Phase 1/2 Isatuximab and Cemiplimab Study for Lymphoma Terminated

A study of isatuximab and cemiplimab in 3 lymphoma subtypes will not continue, for reasons unrelated to safety.

Image credit: © Dr_Microbe - Adobe Stock

Image credit: © Dr_Microbe - Adobe Stock

The combination of isatuximab (Sarclisa) and cemiplimab (Libtayo) had manageable safety and modest efficacy in patients with relapsed or refractory classic Hodgkin lymphoma (cHL), according to results of a phase 1/2 study (NCT03769181), published in Hematologic Oncology.1 However, the study was terminated per sponsor decision due to the limited efficacy and lack of synergy of the combination.1

Isatuximab and cemiplimab had an overall response rate of 55.6% in patients with cHL who received no prior anti–PD-1/PD-L1 therapy, and 33.3% of patients with cHL who had progressed on anti–PD-1/PD-L1 therapy. In diffuse large B-cell lymphoma (DLBCL) and peripheral T-cell lymphoma (PTCL) cohorts, it did not meet prespecified efficacy criteria to enroll patients in phase 2 Stage 2.

According to the study authors, the ORR shown with nivolumab (Opdivo) monotherapy in patients with DLBCL (36%) and PTCL (40%) surpassed that shown with the combination of isatuximab and cemiplimab.1,2

Anti-CD38 antibodies including isatuximab have been shown to be effective in treating hematologic malignancies, particularly multiple myeloma. Anti–PD-1/PD-L1 immune checkpoint blockade have been investigated in lymphoma subtypes but have had limited efficacy. Cemiplimab showed efficacy as monotherapy for lymphomas in a phase 1 trial [NCT02651662].3 Investigators in this trial hypothesized that combining these 2 mechanisms of action would enhance antitumor activity since CD38 upregulation in tumor cells is associated with acquired resistance to anti–PD-1/PD-L1 agents based on preclinical data.1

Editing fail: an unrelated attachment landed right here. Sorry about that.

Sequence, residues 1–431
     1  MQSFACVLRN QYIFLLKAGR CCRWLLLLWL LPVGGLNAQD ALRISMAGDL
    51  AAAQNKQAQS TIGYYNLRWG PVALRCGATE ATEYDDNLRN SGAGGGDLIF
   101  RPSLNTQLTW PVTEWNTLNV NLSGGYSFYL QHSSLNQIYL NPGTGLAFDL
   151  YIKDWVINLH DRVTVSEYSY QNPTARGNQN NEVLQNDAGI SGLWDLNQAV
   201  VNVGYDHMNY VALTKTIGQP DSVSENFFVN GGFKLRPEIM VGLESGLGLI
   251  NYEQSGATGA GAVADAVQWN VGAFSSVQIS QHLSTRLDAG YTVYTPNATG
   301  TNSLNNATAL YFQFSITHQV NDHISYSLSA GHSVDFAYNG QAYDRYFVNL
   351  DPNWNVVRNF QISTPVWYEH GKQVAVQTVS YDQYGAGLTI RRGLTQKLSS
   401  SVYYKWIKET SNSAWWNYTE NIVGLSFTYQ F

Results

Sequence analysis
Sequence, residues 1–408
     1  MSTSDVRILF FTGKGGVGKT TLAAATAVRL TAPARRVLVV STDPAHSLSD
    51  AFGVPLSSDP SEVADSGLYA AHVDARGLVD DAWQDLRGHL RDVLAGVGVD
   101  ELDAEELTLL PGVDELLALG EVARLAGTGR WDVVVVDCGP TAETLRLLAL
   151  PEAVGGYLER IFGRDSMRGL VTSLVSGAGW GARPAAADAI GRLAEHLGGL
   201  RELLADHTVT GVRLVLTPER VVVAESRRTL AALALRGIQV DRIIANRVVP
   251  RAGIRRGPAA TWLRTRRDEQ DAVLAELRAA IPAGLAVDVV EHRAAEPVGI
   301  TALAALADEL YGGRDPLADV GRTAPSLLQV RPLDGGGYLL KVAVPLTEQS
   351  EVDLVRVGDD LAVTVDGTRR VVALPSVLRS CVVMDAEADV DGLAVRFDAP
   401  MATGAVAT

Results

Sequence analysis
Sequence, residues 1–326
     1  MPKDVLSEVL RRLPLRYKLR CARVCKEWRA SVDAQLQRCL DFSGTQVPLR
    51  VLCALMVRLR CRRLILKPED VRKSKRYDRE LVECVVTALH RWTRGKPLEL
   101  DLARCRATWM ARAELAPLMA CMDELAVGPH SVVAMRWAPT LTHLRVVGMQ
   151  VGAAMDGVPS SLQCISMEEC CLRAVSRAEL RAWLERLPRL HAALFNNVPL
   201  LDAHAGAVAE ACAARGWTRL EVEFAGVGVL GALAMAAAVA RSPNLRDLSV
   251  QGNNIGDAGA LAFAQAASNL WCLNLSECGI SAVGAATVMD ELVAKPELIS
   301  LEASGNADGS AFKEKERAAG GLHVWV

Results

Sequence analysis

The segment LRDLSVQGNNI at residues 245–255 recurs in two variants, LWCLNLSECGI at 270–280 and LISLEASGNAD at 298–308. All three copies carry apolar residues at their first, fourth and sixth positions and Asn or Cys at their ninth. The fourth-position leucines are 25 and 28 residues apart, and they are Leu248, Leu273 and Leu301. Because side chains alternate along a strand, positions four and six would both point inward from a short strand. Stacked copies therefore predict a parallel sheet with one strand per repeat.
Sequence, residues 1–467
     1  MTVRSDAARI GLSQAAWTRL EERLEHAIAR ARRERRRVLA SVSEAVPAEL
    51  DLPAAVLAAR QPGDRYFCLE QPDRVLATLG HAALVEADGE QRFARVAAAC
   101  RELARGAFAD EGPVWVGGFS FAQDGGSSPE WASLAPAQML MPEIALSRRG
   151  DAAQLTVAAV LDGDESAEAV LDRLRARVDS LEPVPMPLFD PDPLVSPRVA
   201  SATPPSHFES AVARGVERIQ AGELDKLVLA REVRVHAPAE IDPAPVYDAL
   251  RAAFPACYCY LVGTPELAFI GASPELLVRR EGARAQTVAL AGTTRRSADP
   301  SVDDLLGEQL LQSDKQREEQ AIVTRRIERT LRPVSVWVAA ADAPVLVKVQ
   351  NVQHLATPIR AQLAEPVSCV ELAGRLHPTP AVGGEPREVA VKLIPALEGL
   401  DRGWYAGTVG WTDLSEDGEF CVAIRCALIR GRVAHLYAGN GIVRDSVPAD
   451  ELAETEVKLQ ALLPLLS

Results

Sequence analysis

The primary end points for phase 1 were the safety and tolerability of isatuximab/cemiplimab and the recommended Phase 2 dose (RP2D). In phase 2, the primary end points were the complete response (CR) rate of isatuximab/cemiplimab in the PD-1/PD-L1–naive cHL cohort and the overall response rate in the other cohorts. Secondary end points included duration of response (DOR), progression-free survival, and the immunogenicity and pharmacokinetic profile of the combination. Stage 2 of phase 2 was planned; the patients with cHL would receive radiotherapy in combination with isatuximab/cemiplimab in this stage, whereas additional patients with DLBCL and PTCL would be added to their cohorts.